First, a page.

Top Photo: Jewish quarter with synangogue in Hohenems, Vorarlberg.
By böhringer friedrich - Own work, CC BY-SA 2.5
Jewish Cultural Events & Exhibitions in Austria, 2016-2017
The exhibition relates the history of the Jewish furrier Glück family, from its arrival in Vienna from the north-eastern crown lands around 1900 to its escape after the annexation of Austria in 1938 to France and the USA.
Female artists in Vienna had a very difficult time of it before 1938. It is therefore all the more surprising how many women managed to succeed in this métier. A large number of them came from assimilated Jewish families. Painters like Tina Blau, Broncia Koller, Marie Louise von Motesiczky, or ceramic artists Vally Wieselthier and Susi Singer have established a place for themselves in the history of art. An exhibition with lots of new discoveries.
The way to extermination began in the middle of the city. The exhibition "last places before deportation - Kleine Sperlgasse, Castellezgasse, Malzgasse" reconstructs and conveys these almost forgotten last places before Deportation.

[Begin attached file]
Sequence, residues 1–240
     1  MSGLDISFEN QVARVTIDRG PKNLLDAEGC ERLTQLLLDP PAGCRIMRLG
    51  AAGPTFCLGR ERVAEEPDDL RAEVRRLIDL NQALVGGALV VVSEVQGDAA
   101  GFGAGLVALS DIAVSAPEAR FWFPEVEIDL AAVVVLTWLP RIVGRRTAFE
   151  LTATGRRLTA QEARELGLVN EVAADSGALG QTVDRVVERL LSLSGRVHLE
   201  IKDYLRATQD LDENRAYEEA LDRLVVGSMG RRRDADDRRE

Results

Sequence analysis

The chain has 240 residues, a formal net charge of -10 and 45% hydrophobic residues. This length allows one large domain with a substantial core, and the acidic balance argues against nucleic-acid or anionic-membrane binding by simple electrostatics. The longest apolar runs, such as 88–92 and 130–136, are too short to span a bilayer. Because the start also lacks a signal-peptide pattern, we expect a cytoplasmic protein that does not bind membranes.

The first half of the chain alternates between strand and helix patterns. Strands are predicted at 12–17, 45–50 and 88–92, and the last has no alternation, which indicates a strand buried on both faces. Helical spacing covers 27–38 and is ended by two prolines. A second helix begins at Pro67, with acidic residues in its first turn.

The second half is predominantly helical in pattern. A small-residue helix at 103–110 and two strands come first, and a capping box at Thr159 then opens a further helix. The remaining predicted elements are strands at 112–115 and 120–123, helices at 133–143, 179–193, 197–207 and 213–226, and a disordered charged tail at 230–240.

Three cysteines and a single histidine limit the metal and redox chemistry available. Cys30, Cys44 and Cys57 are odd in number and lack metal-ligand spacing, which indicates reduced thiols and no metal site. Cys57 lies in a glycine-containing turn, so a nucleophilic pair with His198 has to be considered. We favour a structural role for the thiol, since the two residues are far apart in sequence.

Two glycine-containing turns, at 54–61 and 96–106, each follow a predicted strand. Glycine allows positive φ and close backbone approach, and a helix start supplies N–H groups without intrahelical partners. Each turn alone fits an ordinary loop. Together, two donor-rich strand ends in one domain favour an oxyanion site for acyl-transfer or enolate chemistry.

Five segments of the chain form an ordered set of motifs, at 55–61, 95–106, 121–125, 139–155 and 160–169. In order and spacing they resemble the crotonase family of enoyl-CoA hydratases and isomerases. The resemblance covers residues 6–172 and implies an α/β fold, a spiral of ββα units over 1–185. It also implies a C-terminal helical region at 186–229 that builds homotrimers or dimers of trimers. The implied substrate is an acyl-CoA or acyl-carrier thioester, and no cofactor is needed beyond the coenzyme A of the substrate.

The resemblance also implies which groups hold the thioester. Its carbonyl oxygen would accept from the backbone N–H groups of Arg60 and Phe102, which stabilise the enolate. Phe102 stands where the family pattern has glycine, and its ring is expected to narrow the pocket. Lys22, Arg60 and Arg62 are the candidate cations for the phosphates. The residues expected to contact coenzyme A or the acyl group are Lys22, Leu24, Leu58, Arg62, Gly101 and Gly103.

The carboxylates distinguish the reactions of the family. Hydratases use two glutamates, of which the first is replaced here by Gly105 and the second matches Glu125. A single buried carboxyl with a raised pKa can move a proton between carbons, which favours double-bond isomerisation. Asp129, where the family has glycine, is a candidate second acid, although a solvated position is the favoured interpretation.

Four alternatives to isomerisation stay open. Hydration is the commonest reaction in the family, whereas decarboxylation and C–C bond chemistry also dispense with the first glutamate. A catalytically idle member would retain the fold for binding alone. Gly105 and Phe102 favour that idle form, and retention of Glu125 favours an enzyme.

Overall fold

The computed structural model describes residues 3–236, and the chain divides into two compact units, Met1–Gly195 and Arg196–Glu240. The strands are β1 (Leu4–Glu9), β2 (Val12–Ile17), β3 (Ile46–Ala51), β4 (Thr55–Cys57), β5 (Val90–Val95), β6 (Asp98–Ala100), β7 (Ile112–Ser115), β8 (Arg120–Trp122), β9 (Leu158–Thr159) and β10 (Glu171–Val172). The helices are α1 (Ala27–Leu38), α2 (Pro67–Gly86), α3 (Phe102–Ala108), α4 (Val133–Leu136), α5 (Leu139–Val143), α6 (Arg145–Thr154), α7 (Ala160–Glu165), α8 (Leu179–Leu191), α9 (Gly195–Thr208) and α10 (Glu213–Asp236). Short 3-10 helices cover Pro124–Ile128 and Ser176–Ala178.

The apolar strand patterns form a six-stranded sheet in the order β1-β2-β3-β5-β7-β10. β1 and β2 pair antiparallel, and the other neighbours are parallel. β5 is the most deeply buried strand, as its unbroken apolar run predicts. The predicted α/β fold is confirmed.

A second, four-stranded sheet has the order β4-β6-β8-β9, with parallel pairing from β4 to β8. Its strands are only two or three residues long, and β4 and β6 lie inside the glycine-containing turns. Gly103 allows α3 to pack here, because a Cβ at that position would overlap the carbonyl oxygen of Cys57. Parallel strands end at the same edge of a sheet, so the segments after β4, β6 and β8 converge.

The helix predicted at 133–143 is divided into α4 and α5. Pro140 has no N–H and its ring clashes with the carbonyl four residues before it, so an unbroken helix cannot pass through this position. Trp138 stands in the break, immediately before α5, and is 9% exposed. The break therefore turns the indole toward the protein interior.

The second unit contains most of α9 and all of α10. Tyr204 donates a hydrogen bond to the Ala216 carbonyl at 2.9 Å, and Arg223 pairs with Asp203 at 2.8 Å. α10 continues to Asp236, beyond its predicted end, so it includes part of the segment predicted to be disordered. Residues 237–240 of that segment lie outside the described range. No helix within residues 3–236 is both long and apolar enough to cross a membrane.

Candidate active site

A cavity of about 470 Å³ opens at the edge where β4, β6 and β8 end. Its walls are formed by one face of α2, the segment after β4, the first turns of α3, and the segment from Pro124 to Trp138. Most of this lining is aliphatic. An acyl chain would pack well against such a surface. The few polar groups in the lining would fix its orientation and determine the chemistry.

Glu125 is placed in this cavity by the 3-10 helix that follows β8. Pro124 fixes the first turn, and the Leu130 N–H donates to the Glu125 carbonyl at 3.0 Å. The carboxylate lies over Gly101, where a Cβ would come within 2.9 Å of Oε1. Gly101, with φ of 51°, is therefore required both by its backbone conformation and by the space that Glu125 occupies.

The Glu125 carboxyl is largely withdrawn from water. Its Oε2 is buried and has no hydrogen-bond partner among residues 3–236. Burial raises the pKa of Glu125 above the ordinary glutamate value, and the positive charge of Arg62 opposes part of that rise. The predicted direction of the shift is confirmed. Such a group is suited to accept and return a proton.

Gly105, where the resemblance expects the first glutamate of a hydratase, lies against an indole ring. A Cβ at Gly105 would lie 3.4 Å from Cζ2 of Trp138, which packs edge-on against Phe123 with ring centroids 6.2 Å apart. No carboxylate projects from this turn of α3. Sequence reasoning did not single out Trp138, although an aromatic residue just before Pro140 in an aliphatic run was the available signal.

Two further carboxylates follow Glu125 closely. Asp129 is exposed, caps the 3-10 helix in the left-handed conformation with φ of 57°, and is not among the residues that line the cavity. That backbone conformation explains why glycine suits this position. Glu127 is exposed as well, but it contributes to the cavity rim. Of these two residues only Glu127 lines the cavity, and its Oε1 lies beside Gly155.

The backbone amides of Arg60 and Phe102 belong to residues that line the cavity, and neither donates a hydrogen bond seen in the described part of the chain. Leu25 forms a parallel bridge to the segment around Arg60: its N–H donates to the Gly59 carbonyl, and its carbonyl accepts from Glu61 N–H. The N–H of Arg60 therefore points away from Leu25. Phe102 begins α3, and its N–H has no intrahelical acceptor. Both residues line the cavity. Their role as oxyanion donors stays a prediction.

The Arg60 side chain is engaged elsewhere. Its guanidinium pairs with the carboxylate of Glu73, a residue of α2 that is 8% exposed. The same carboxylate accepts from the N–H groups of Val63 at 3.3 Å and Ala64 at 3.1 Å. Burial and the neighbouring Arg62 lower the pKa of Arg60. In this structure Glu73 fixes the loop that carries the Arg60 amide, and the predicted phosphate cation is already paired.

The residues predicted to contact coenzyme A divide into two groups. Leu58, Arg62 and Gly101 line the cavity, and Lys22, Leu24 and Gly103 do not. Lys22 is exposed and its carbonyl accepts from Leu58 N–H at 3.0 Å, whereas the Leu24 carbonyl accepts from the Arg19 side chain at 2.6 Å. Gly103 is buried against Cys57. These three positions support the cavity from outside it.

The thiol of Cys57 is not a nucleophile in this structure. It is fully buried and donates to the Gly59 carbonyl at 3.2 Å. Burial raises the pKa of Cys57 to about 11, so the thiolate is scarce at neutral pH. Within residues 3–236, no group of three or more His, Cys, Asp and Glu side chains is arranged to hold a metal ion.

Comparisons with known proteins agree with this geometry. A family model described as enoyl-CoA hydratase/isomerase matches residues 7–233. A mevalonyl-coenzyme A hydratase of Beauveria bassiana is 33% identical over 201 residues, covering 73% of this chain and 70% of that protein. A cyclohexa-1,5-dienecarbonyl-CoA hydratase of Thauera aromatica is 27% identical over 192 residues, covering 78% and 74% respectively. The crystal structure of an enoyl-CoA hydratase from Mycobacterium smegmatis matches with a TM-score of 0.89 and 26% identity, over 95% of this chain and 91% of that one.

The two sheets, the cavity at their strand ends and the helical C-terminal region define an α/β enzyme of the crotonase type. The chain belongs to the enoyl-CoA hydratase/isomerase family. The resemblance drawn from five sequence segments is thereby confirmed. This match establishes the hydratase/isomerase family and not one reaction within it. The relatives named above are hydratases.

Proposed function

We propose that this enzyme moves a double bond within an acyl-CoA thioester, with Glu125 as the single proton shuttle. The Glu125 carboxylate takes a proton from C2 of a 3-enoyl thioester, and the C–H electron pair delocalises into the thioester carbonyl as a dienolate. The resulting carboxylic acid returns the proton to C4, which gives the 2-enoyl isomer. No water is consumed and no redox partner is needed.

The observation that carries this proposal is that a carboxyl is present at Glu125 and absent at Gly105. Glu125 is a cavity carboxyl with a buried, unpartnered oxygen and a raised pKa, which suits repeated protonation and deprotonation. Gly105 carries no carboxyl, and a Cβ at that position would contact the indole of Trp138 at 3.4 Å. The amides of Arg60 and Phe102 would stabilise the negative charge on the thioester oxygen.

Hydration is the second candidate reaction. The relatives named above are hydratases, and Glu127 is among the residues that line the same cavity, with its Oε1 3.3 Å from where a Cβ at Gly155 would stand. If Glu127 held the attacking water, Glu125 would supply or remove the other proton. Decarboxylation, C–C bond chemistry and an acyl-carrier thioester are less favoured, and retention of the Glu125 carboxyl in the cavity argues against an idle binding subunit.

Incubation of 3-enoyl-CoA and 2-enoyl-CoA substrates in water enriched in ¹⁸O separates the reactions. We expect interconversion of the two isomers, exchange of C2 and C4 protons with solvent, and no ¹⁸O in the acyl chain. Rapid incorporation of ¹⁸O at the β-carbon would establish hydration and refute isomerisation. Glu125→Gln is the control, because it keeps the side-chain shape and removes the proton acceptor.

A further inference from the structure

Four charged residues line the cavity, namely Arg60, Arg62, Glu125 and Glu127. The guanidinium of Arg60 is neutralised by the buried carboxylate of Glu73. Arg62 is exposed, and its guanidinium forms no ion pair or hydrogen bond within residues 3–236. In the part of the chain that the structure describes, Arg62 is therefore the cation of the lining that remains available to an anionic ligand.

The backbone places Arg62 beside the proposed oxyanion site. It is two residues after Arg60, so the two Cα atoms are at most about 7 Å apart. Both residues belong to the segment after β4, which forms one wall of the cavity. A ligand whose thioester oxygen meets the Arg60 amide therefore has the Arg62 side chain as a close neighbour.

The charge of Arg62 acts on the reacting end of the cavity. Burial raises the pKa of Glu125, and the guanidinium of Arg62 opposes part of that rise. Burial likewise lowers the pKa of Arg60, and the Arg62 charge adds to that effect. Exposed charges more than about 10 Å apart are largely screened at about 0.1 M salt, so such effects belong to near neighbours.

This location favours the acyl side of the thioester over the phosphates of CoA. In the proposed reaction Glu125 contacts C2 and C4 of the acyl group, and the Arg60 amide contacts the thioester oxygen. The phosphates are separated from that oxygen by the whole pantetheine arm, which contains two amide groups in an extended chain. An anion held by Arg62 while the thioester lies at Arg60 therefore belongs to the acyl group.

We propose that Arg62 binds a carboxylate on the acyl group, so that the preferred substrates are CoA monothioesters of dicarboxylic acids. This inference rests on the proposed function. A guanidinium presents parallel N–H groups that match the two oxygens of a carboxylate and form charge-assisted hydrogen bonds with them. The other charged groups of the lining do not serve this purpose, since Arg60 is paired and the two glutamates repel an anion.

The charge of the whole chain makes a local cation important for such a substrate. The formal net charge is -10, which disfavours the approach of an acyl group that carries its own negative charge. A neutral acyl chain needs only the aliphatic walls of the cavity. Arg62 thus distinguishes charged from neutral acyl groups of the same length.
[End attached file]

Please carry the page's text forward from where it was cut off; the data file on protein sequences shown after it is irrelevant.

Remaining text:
This exhibition at Museum Judenplatz offers an insight into the portrait photography of Michael Horowitz, photographer, journalist, and author, born in Vienna in 1950. He has written biographies of Heimito von Doderer, Egon Erwin Kisch, Karl Kraus, Helmut Qualtinger, and H.C. Artmann, inspired by his father, a well-known theater photographer.
From June 1956 to November 1960, Elvis Presley had a secretary by the name of Trude Forsher. She was from Vienna and had narrowly escaped persecution by the Nazi regime in 1939. Jean and Julian Aberbach were distant relatives, also from Vienna, who had established themselves in the USA as music producers specializing in country & western music.
The rise of department stores in Vienna was part of a pan-European development in the nineteenth century. It is not widely known that many of the founders came from Jewish families and that there was once a garment district in the inner city.